Mohammad F. Islam spends much of his time researching Carbon nanotube, Composite material, Chemical physics, Nanoparticle and Highly porous. His work on Optical properties of carbon nanotubes and Nanotube as part of general Carbon nanotube research is frequently linked to Dodecylbenzene, bridging the gap between disciplines. His Nanotube study integrates concerns from other disciplines, such as Dispersion, Carbon, Pulmonary surfactant and Adsorption.
The Chemical physics study combines topics in areas such as Rheology, Viscoelasticity and Video microscopy. His work deals with themes such as Potential applications of carbon nanotubes, Carbon nanobud, Carbon nanofiber and Carbon nanotube quantum dot, which intersect with Mechanical properties of carbon nanotubes. His Volume fraction study combines topics in areas such as Nanotechnology, Interaction energy, Complex fluid, Stiffness and Aqueous solution.
His main research concerns Carbon nanotube, Composite material, Nanotechnology, Chemical engineering and Biophysics. Mohammad F. Islam studies Nanotube which is a part of Carbon nanotube. His work carried out in the field of Nanotube brings together such families of science as Carbon, Pulmonary surfactant and Liquid crystal.
Composite material is often connected to Nanoparticle in his work. His study in the field of Nanomaterials and Optical properties of carbon nanotubes also crosses realms of Fabrication. Mohammad F. Islam usually deals with Chemical engineering and limits it to topics linked to Supercapacitor and Electrolyte.
Mohammad F. Islam focuses on Carbon nanotube, Composite material, Biophysics, Nanotechnology and Fiber. His Carbon nanotube study is associated with Chemical engineering. His Chemical engineering research includes elements of Cobalt, Cobalt oxide, Anode and Thin film.
His Biophysics research includes themes of Tissue engineering, Cell and Intracellular. His studies deal with areas such as Phase and Organelle as well as Nanotechnology. His Fiber research is multidisciplinary, relying on both Kinematics, Compression, Reinforcement and Tortuosity.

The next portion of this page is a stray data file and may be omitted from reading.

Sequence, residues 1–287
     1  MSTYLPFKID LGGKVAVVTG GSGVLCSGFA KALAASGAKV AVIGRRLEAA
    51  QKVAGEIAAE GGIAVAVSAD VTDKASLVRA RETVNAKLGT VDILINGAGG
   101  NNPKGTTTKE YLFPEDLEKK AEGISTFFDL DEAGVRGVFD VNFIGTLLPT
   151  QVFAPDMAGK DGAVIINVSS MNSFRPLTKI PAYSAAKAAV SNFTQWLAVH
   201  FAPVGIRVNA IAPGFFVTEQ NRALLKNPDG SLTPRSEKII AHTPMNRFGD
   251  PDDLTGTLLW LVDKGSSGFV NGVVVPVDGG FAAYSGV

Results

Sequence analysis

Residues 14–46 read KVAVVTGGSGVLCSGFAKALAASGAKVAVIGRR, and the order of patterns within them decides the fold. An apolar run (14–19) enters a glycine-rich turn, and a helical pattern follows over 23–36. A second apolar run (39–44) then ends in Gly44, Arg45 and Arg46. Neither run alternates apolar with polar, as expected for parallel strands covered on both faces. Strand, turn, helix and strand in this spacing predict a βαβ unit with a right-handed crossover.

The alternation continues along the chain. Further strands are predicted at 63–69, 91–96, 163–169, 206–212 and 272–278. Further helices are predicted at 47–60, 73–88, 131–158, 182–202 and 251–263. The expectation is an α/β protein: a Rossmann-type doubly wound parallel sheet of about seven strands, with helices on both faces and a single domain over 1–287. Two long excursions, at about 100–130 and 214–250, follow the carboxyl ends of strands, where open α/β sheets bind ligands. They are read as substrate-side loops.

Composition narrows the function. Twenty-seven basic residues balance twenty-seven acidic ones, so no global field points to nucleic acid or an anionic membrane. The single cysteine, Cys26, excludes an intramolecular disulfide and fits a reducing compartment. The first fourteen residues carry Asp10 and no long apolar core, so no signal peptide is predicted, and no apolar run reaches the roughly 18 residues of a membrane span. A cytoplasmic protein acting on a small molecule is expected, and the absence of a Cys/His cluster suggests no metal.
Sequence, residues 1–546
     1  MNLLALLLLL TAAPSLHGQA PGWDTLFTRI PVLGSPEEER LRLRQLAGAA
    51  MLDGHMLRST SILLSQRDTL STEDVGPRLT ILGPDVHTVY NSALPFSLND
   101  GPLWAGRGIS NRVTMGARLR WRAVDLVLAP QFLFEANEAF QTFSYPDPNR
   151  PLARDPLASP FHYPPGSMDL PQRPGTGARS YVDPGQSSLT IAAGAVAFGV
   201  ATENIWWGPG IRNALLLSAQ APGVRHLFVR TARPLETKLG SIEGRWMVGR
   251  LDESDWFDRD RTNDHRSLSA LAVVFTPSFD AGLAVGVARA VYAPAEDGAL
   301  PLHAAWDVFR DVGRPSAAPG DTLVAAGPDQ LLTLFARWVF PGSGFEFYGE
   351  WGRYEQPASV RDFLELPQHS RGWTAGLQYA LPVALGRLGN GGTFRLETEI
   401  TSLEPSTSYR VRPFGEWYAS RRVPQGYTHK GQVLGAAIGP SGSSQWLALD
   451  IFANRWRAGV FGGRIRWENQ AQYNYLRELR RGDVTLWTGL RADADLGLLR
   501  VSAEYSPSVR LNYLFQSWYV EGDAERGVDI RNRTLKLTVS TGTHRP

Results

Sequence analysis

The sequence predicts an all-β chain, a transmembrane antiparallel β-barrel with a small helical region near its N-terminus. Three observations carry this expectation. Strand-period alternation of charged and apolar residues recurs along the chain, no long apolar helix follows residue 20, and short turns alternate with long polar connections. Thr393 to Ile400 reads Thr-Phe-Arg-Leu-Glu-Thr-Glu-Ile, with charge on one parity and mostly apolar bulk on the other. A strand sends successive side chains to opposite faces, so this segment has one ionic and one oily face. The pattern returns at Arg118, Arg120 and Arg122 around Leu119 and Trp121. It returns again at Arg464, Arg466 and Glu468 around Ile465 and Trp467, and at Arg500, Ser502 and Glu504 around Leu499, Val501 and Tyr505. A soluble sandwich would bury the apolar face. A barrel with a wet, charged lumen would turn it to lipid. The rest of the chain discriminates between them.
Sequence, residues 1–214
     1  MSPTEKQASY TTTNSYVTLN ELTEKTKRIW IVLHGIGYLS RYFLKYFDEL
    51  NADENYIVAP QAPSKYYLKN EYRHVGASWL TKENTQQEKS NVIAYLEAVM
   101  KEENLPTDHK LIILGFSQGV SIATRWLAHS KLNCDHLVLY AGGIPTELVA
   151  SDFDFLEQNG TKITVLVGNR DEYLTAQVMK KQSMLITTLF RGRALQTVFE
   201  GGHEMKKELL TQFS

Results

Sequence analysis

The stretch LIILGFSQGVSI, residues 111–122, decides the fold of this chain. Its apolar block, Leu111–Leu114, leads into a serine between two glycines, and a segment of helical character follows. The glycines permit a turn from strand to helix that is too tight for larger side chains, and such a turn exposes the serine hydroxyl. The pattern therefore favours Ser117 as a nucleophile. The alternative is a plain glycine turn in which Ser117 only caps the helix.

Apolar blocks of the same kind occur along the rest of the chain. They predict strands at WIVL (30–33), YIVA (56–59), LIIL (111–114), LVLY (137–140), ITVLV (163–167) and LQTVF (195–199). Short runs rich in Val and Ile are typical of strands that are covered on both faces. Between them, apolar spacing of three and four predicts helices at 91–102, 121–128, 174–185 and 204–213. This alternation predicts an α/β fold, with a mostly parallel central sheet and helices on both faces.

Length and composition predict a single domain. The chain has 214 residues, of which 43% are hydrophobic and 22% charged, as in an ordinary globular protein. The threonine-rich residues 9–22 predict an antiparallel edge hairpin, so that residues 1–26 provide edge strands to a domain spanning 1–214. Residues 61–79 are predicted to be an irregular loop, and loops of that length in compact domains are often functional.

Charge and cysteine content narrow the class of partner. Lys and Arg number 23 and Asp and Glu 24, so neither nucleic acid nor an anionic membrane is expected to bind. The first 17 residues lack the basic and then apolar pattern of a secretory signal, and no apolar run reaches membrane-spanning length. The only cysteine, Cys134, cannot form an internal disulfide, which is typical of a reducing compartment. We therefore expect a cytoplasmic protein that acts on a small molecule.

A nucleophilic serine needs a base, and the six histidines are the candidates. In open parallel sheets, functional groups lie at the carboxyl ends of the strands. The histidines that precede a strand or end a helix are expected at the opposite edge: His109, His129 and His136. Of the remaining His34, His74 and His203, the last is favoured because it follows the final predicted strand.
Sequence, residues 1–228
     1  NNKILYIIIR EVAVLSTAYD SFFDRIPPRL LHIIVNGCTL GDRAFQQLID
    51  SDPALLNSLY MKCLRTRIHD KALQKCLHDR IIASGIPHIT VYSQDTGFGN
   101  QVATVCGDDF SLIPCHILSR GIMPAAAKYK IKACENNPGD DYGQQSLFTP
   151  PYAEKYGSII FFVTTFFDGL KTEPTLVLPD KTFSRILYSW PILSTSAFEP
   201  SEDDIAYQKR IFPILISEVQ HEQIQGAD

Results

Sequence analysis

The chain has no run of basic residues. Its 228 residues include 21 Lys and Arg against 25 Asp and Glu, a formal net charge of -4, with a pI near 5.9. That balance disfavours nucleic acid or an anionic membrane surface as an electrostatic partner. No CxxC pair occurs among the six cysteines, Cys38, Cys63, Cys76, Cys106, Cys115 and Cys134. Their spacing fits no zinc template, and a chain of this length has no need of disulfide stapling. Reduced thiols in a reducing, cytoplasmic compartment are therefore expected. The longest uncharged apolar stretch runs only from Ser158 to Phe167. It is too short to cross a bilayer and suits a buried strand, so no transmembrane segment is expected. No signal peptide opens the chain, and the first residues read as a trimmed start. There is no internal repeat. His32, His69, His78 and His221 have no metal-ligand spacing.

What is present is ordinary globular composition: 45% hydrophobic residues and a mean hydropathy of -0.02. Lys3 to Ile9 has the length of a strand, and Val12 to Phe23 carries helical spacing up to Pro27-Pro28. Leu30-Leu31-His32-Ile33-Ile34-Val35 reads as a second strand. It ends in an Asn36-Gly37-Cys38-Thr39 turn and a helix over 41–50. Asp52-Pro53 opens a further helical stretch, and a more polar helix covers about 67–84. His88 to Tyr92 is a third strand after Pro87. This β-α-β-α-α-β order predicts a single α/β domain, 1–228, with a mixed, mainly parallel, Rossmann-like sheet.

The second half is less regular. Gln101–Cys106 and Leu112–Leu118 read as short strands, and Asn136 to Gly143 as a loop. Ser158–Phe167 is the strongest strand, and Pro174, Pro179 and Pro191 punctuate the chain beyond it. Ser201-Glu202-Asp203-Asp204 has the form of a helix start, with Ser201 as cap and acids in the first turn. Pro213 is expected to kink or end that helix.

His primary areas of investigation include Carbon nanotube, Nanotechnology, Graphene, Composite material and Mycelium. Carbon nanotube is a subfield of Chemical engineering that Mohammad F. Islam investigates. As a part of the same scientific family, Mohammad F. Islam mostly works in the field of Chemical engineering, focusing on Charge carrier and, on occasion, Redox.
Nanotechnology is closely attributed to Carbon in his work. His study in Graphene is interdisciplinary in nature, drawing from both Volume fraction, Capacitance and Creep. As part of the same scientific family, Mohammad F. Islam usually focuses on Mycelium, concentrating on Mechanics and intersecting with Microscale chemistry.
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High Weight Fraction Surfactant Solubilization of Single-Wall Carbon Nanotubes in Water
M. F. Islam;E. Rojas;D. M. Bergey;and A. T. Johnson.
Nano Letters (2003)
Very Low Conductivity Threshold in Bulk Isotropic Single‐Walled Carbon Nanotube–Epoxy Composites
Mateusz B. Bryning;Mohammad F. Islam;James M. Kikkawa;Arjun G. Yodh.
Advanced Materials (2005)
Carbon Nanotube Aerogels
Mateusz B. Bryning;Daniel E. Milkie;Mohammad F. Islam;Mohammad F. Islam;Lawrence A. Hough;Lawrence A. Hough.
Advanced Materials (2007)
Premelting at Defects within Bulk Colloidal Crystals
Ahmed M. Alsayed;Ahmed M. Alsayed;Mohammad F. Islam;Mohammad F. Islam;Jian Zhang;Jian Zhang;Peter J. Collings;Peter J. Collings.
Graphene coating makes carbon nanotube aerogels superelastic and resistant to fatigue
Kyu Hun Kim;Youngseok Oh;M. F. Islam.
Nature Nanotechnology (2012)
Thermal conductivity and interfacial resistance in single-wall carbon nanotube epoxy composites
M. B. Bryning;D. E. Milkie;M. F. Islam;J. M. Kikkawa.
Applied Physics Letters (2005)
Distinct structural and mechanical properties of the nuclear lamina in Hutchinson–Gilford progeria syndrome
Kris Noel Dahl;Paola Scaffidi;Mohammad F. Islam;Arjun G. Yodh.
Proceedings of the National Academy of Sciences of the United States of America (2006)
Direct measurement of the polarized optical absorption cross section of single-wall carbon nanotubes.
M. F. Islam;D. E. Milkie;C. L. Kane;A. G. Yodh.
Physical Review Letters (2004)
Single-walled carbon nanotube aerogel-based elastic conductors.
Kyu Hun Kim;Mert Vural;Mohammad F. Islam.
Advanced Materials (2011)
Rheological microscopy: local mechanical properties from microrheology.
D. T. Chen;E. R. Weeks;John C Crocker;M. F. Islam.
Physical Review Letters (2003)
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